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States. The testimony came from people in the Selective Service
and others who pointed out that the rejection rate for people entering
the armed services was about 40 percent, due to inadequate medical
care, lack of treatment and cures due to insufficient medical
research. People had a variety of things, including tuberculosis,
which was then not easily curable.
That evening, Dr. Cornelius Rhodes, then a colonel in the
Army and the head of the Chemical Warfare Services, and on leave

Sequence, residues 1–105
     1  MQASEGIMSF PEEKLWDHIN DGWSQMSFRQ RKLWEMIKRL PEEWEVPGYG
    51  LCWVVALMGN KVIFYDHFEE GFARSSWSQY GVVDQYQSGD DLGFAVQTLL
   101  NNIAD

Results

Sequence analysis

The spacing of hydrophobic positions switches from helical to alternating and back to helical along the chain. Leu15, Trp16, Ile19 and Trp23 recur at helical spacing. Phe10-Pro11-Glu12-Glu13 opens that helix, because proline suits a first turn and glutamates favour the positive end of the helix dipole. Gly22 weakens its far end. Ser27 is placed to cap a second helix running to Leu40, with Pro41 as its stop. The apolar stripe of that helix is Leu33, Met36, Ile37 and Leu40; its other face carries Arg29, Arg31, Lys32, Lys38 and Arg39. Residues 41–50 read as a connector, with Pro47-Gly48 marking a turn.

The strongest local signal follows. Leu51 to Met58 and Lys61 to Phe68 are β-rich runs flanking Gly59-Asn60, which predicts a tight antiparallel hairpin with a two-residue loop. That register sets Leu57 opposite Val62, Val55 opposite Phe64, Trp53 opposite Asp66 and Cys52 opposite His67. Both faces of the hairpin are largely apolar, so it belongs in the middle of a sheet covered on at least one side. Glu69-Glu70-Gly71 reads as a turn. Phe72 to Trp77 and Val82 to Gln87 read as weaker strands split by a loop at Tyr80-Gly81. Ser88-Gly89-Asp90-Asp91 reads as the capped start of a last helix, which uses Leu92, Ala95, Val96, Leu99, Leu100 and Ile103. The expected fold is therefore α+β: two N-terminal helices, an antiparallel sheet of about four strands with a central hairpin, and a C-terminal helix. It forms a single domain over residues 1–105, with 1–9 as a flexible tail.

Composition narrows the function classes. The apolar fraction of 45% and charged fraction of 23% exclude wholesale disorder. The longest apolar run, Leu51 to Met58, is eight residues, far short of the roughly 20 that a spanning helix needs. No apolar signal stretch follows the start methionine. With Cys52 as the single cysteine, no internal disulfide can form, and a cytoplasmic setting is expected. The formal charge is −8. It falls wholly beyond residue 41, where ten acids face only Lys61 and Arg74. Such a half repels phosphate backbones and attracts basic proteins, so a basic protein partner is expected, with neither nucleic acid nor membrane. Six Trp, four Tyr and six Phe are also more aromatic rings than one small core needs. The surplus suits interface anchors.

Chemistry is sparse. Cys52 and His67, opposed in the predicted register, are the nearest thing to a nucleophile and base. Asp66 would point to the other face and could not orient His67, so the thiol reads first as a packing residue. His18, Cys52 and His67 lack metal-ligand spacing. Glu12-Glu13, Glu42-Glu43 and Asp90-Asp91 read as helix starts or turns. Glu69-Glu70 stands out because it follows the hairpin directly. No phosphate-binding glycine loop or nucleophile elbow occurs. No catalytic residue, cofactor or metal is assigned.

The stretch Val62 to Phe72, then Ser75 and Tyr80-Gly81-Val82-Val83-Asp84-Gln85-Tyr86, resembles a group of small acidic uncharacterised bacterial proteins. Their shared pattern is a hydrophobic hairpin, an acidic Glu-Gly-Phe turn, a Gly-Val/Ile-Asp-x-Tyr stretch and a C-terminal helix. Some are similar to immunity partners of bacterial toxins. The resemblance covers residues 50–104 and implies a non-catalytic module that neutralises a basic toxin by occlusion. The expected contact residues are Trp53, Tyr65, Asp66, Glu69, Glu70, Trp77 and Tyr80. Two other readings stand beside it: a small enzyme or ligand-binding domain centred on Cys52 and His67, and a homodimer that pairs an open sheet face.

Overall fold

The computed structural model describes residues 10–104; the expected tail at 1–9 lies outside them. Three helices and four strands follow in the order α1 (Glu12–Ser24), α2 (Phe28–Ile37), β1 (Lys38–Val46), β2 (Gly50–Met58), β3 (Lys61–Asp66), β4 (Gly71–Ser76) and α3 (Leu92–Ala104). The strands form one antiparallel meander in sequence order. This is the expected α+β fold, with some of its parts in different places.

from Memorial Hospital, dined with Florence and me. We explained
to him that we were anxious to secure legislation for medical
research in the United States, but that we needed a competent
medical authority to go with us and explain this need to Senator
Pepper, because Senator Pepper thought we were very nice but what
did we know about the need for medical research; we certainly
Rhodes resisted the idea that Federal funds should be
made available for civilian medical problems, but by the time
we finished. . .
On what basis?
Well, it was just a new idea to him.
And didn't seem practical.
No, he just had never heard of it; it was unheard of.
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